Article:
• Barliesque says:

            …just repeated the test with CPU, and found that Graph still beats Sprite by a wide margin: 20/60 versus 40/60.

  5. Jake says:

    @Matt, wow that is weird. Unfortunately I don’t have an Incredible to test this with. I guess it is possible that air is falling back to CPU mode. I was looking through the docs again, but I don’t see a way to query the rendering mode from the api. I may have missed it, but thats the only thing I can think that would determine what mode its really running in. You should see a pretty huge difference with things that would change the gpu texture data, such as blit mode.

  6. Matt says:

    I’ve downloaded your tests for both GPU and CPU and get the exact same frame rates with both. I’m testing on a Droid Incredible with Android 2.2
    Does this phone not support hardware acceleration with Air for Android???

  7. [...] with Jake from byHook and testing the graphics.drawRect() approach, we have come to an interesting intitial [...]

  8. [...] via Digital Sheep: Air For Android Drawing Performance | Hook – Labs. [...]

  9. [...] Using the Graphics object has been very successful for me but I want to say that I’m absolutely sure this is not the best solution in every scenario.  Try each of the different approaches you’ve read about and see what works for you and your game.  Another solution can be found here. [...]

  10. James Li says:

    Cool! Thank you for sharing this!

  11. [...] Using the Graphics object has been very successful for me but I want to say that I’m sure this is not the best solution in every scenario.  Try each of the different approaches you’ve read about and see what works for you and your game.  Another solution can be found here. [...]

  12. [...] A great comparison of different hardware platforms (3 different android phones), draw methods (sprite, blit, vector) , including a great summary of good practices. Great work Jake at ByHook [...]

  13. cddin says:

    that’s cool. usefull to test how air performance in my phone.

  14. [...] This post was mentioned on Twitter by Lee Brimelow, Flex User Group, Alex, David Pett, Iwo Dziechciarow and others. Iwo Dziechciarow said: AIR performance on Android [...]

  15. Kapom says:

    Woww!! Thanks,That’s helpfull for my decission

  16. Bjarne says:

    Wow! Thanks for this awesome resource.

  17. Jake says:

    You guys are very welcome!

  18. +1 to what Lee said. Thank you for sharing this.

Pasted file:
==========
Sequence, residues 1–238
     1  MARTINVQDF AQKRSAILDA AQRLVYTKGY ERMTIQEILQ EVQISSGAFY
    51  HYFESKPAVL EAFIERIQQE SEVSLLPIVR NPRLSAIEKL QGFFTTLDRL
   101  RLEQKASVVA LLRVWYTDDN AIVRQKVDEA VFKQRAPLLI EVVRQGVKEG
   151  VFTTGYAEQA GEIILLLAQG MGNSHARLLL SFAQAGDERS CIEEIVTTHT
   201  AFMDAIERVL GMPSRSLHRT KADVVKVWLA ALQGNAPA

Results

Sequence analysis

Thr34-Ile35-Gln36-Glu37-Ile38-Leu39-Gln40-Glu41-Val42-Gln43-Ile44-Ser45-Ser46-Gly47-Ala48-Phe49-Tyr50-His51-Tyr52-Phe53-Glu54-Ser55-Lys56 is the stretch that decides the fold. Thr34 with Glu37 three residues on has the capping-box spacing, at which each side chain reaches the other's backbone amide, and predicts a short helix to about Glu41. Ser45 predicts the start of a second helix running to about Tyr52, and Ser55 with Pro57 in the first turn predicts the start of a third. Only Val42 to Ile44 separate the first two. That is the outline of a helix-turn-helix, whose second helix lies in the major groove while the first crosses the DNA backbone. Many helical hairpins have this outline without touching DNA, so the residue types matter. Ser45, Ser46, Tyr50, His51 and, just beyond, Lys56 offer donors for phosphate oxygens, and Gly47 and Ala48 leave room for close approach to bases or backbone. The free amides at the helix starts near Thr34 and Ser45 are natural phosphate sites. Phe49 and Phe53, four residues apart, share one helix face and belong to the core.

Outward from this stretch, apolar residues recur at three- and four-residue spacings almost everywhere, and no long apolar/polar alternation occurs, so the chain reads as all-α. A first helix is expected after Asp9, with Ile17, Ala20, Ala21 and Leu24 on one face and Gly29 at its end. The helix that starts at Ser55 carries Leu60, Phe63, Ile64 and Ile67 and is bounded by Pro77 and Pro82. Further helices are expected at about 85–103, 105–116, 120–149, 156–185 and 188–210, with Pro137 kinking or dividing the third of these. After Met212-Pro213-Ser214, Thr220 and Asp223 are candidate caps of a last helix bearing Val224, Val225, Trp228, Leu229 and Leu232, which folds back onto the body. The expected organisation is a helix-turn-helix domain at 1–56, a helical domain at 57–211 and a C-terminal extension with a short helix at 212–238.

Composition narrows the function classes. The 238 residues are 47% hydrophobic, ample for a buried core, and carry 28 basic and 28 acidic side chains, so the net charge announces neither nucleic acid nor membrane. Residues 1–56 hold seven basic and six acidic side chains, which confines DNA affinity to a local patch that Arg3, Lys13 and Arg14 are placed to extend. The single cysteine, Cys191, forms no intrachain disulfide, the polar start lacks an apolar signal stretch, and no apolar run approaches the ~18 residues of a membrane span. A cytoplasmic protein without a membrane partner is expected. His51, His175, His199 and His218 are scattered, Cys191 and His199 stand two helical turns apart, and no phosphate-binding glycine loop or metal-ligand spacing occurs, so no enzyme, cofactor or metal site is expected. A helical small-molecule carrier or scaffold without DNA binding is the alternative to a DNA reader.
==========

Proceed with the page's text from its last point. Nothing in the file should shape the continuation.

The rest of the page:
19. Lee Brimelow says:

    Wow incredibly helpful tests! Thanks so much for putting this together.

  20. Jake says:

    @NeoDroid, Sorry about that felix was correct, I had the wrong QR code up there for the CPU mode, you should be able to install them at the same time now.

    @felix, thanks for catching the URL issue! To answer your question, I think its very possible to make a game that runs at 30fps… I am currently working on 2 very different types of games using Air for Android. One is draw heavy (which is what spurred this demo) and one is SQLite and Memory heavy. The draw heavy one keeps up just fine really, even with touch inputs. SQLite one is a different story. But that one is no where near the optimization stage. The settings used in the data were meant to push the hardware. I’m guessing you won’t need to draw 100+ rotation, alpha, scaling, translating sheep at 30fps :) However if its frame-based animation heavy (eg. sprite sheets, timeline animation), I’m not sure. I haven’t found a fast way to do that yet. But there has to be some way.

  21. felix says:

    Great data – thanks! What is the executive summary? Is AIR on Android fast enough for a games? It seems like most of the frame rates in your results are well below 30. BTW – both the QR codes point to the GPU version.

  22. NeoDroid says:

    Great demo! BTW, what tween engine are you using in this benchmark?

    Also, would it be possible to give the APK’s unique names? Cuz, I can’t install them at the same time because they overwrite each other.

  23. [...] Air For Android Drawing Performance Tests Digital Sheep: Air For Android Drawing Performance | Hook – Labs. [...]